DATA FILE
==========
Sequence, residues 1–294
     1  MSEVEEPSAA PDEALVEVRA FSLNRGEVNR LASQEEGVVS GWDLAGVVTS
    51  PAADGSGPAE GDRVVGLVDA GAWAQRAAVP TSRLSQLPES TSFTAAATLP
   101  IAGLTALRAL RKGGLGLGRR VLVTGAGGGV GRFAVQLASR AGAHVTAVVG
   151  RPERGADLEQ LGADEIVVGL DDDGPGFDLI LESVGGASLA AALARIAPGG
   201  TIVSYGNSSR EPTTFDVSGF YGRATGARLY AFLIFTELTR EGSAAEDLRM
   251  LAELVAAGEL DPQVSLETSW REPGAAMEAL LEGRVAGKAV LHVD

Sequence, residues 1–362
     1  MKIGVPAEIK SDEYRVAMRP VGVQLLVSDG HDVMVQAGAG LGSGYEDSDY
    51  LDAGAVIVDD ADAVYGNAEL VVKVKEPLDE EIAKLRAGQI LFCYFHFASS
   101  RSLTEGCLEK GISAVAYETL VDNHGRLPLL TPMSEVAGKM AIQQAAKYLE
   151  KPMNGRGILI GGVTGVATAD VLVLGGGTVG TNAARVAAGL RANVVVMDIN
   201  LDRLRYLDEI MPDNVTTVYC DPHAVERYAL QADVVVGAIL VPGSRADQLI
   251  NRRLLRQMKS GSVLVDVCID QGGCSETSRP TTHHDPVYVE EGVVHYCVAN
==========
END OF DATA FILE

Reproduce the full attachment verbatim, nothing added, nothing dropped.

Sequence, residues 1–294
     1  MSEVEEPSAA PDEALVEVRA FSLNRGEVNR LASQEEGVVS GWDLAGVVTS
    51  PAADGSGPAE GDRVVGLVDA GAWAQRAAVP TSRLSQLPES TSFTAAATLP
   101  IAGLTALRAL RKGGLGLGRR VLVTGAGGGV GRFAVQLASR AGAHVTAVVG
   151  RPERGADLEQ LGADEIVVGL DDDGPGFDLI LESVGGASLA AALARIAPGG
   201  TIVSYGNSSR EPTTFDVSGF YGRATGARLY AFLIFTELTR EGSAAEDLRM
   251  LAELVAAGEL DPQVSLETSW REPGAAMEAL LEGRVAGKAV LHVD

Sequence, residues 1–362
     1  MKIGVPAEIK SDEYRVAMRP VGVQLLVSDG HDVMVQAGAG LGSGYEDSDY
    51  LDAGAVIVDD ADAVYGNAEL VVKVKEPLDE EIAKLRAGQI LFCYFHFASS
   101  RSLTEGCLEK GISAVAYETL VDNHGRLPLL TPMSEVAGKM AIQQAAKYLE
   151  KPMNGRGILI GGVTGVATAD VLVLGGGTVG TNAARVAAGL RANVVVMDIN
   201  LDRLRYLDEI MPDNVTTVYC DPHAVERYAL QADVVVGAIL VPGSRADQLI
   251  NRRLLRQMKS GSVLVDVCID QGGCSETSRP TTHHDPVYVE EGVVHYCVAN